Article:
Here's what I"m picking up: Ben's motives aren't likely in anyone's best interest outside of his and his people's. Also, the Skipping Six (Miles, Charlotte, Faraday, Locke, Juliet and Sawyer) are our "handful of men with no roots," blowing through The Island's timeline. I'd say life is being a bit hard on them, don't ya think?
On The Island, we join our Skipping Six tending to Charlotte's blood-pouring-from-face issue. She gains consciousness, and asks Faraday, "who are you?"
What we have here, is failure to constant-ate.
"It's me, Dan," he retorts. Constant! And like that, expect the bloody mess that was Charlotte to well, stop bleeding. She done got herself a constant.
Could a constant prevent the "real bad case of jetlag" Faraday describes? I say yes.
Example 1: Desmond and Penelope
Example 2: Faraday and Desmond
Example 3: Charlotte and Faraday
Two other nosebleeds hit the Skipping Six. Miles catches one, as does Juliet. Faraday ask Miles, "are you sure?" As in, are you sure this is your first time on The Island? Of course it isn't. We're going to find out he's Dr. Pierre Chang's son, I reckon.
Which begs a lingering question: If Charlotte also wasn't on The Island for her first time, when was she here?
But the real Skipping Six star was Sawyer, who's still grappling with his love for Kate. In a particularly moving scene, the Skipping Six encounter the Castaways at a crucial time. Castaway Boone was dying, castaway Locke was "confused" and banging on Desmond's hatch (hence, summoning the beam of light) and castaway Claire was giving birth to Aaron with Kate's help.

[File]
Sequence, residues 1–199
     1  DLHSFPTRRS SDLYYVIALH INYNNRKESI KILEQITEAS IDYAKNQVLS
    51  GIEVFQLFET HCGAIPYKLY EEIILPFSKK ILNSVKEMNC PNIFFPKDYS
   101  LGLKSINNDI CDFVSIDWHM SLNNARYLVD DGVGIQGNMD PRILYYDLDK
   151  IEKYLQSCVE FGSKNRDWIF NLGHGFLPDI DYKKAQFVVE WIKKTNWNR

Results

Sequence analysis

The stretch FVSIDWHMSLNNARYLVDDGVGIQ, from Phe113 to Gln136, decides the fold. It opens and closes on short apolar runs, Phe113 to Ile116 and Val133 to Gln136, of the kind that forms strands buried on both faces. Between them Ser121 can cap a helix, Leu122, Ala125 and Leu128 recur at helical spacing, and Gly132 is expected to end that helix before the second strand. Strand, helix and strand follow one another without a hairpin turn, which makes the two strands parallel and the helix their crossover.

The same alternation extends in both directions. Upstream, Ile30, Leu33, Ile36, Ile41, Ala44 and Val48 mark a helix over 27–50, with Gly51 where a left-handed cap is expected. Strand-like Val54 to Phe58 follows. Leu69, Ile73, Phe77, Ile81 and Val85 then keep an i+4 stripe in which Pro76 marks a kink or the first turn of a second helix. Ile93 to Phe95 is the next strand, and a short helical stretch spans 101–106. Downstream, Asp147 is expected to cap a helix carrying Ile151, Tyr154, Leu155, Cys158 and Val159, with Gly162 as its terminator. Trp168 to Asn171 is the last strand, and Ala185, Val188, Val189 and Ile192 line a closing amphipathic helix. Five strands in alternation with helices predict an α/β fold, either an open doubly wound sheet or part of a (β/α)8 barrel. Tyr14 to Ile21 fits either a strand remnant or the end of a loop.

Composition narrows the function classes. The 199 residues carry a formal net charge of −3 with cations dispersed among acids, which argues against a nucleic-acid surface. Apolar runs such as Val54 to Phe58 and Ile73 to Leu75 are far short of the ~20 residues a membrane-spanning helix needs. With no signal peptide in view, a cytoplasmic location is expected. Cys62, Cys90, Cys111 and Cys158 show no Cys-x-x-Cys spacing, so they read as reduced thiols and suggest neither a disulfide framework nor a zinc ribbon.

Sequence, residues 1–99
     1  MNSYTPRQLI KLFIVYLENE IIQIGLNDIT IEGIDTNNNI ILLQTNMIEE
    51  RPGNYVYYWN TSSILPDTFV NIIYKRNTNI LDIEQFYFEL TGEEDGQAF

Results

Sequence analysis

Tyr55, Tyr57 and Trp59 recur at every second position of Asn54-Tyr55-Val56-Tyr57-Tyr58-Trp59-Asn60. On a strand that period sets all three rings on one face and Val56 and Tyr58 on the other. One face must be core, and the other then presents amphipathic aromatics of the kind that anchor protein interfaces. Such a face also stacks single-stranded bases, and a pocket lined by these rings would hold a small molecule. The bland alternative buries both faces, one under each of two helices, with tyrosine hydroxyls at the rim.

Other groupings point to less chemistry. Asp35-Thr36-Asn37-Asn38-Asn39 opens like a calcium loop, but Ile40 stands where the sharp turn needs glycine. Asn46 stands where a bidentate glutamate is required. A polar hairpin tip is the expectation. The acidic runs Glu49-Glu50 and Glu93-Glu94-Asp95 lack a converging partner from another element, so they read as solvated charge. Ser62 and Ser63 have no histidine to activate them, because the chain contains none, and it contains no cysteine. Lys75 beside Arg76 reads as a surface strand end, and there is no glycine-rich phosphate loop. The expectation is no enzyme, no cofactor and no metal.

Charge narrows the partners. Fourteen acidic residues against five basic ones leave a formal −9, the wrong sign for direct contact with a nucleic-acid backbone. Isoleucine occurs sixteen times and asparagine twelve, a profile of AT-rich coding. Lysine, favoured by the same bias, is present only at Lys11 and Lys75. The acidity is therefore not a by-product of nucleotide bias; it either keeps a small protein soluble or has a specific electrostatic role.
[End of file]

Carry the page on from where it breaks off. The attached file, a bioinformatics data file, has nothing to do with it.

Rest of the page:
No wonder Kate has such a bond with the little guy, she helped bring him into the world. Sawyer stumbles into this scene, and simply watches Kate and Claire immaculately deliver the kiddo. Is he falling back in love? Nay, I say. He's coming to terms with his Kate dilemma. He's evolving from a little prince-turned-hustler, who lost his parents to an abusive father, into a leader. Contrast that with hustler Ben (another little prince, btw), who's trying to pry little prince Aaron away from his mother.
Sawyer comes away from the moment with an interesting about-face: "It doesn't matter what I want." For the better part of the show, what Sawyer wanted always mattered. Has he evolved? Evolved into a leader?
Speaking of princes, our third little orphan, Locke has revealed to the Skipping Six his plans to leave The Island. Here's what Wikipedia has to say:
"After some thought, the Prince bids an emotional farewell to the narrator, explaining to him that while it will look as though he has died, he has not, but rather that his body is too heavy to take with him to his planet. He tells the narrator that it was wrong of the narrator to come and watch, as it will make him sad. The Prince then allows the snake to bite him. The next morning when the narrator looks for the Prince, he finds his body has disappeared. The story ends with a portrait of the landscape where the meeting of the Prince and the narrator took place and where the snake took the Prince's life. The narrator also makes a plea that anyone encountering a strange child in that area who refuses to answer questions to contact the narrator immediately."
We'll leave that at that because there's one more event to breakdown. OK, really two. The first is a trashed camp, courtesy of Ajira Airways. What this means, I don't know. But they have a website.
The second is the return of ... The Frenchwoman. Oh, and Jin. Danielle Rousseau and her science team are in a raft when they come across Jin's body. Turns out he's alive, and hanging out in 1988.
I'll stop there, let's talk it out.